Cramps are considered a mild form of heat illness, and they can be treated easily. Cramps are very intense muscle spasms that can occur when an athlete has lost large amount of fluid and salt from sweating. They are most common in heat, but children can get cramps when they are not hot, for example when they are swimming or playing hockey. Children who get cramps should be given a sports drink to help replace fluids, potassium and sodium lost through sweating. Light stretching and muscle massage also help. Those children can return to action when spasms subside, and when they feel ready to participate. Good eating and drinking habits, increased fitness, and becoming acclimated to the heat and activity will help prevent cramps.

Heat exhaustion is a more serious illness that can occur when a child remains physically active even after he or she begins to suffer from ill effects due to heat, such as dehydration. As a child’s body struggles to meet the demands of competition in the face of dehydration, heat exhaustion can result.

The symptoms are easy to spot. The child will find it difficult or impossible to keep playing. He or she may lose coordination, become dizzy or faint. Stomach cramps, nausea, vomiting and diarrhea are also symptoms. Treatment for children suffering heat exhaustion includes getting a child into shade or air-conditioning, removing extra clothing or equipment and cooling the child with water, fans or damp towels. It also helps to have a child with heat exhaustion lie down with legs raised above heart level and to have the child drink chilled water or a sports drink, unless there are problems with nausea or vomiting. The child’s condition should improve rapidly, but if it doesn’t, it is important to get medical treatment as soon as possible. Parents and coaches should rule out any other conditions or illnesses that may predispose a child to continued problems with heat exhaustion and treat those problems before the child returns to full participation in the heat.

Heat stroke is a severe heat illness that occurs when the body creates more heat than it can release. It causes a rapid increase in body temperature that can lead to permanent disability or illness. The symptoms of heat stroke are more severe and include a body temperature above 104 degrees Fahrenheit and central nervous system problems such as loss of consciousness, seizures, confusion and irrational behavior. Other signs may include nausea, vomiting and diarrhea, headache, increased heart rate and decreased blood pressure. It is critical to locate any medical personnel who are on-site and get the child to the emergency room as soon as possible. A child who has suffered heart stroke should not return to competition until a physician approves. Fortunately, heat stroke is very rare, but it does happen, even in children. It is important that parents help their children’s coaches to be on the lookout for problems, and make sure their players get plenty of fluids and the chance to cool off regularly.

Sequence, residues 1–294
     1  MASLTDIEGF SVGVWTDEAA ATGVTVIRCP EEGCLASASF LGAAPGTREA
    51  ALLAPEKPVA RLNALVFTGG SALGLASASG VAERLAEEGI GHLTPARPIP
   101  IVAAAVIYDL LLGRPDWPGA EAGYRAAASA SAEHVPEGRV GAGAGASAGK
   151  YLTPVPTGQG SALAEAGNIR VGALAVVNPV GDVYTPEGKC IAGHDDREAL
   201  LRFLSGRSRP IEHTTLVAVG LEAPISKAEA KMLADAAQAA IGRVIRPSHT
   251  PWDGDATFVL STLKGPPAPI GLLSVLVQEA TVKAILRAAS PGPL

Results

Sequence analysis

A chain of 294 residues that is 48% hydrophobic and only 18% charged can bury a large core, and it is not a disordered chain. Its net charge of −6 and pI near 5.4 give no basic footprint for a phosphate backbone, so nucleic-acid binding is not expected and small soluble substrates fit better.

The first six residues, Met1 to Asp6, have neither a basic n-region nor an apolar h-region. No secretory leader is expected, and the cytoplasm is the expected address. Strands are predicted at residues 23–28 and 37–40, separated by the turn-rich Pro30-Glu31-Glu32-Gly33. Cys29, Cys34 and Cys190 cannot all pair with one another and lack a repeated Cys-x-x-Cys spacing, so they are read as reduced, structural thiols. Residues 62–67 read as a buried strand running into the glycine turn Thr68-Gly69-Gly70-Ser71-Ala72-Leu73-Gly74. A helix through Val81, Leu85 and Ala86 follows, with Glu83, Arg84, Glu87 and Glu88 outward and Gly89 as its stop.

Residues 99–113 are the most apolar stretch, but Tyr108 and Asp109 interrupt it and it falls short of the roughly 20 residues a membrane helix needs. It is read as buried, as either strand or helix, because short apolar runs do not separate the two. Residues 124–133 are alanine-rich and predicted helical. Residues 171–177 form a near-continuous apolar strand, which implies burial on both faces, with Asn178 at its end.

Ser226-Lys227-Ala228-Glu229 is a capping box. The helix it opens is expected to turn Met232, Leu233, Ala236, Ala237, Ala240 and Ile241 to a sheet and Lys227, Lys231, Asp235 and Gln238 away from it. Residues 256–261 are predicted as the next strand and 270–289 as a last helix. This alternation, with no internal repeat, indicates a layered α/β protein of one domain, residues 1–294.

For more information, contact the Harlan County Cooperative Extension Service at 606-573-4464.

Raymond Cox is the Harlan County extension agent for 4-H/youth development. Educational programs of the Kentucky Cooperative Extension Service serve all people regardless of race, color, age, sex, religion, disability or national origin.

Raymond Cox

Extension News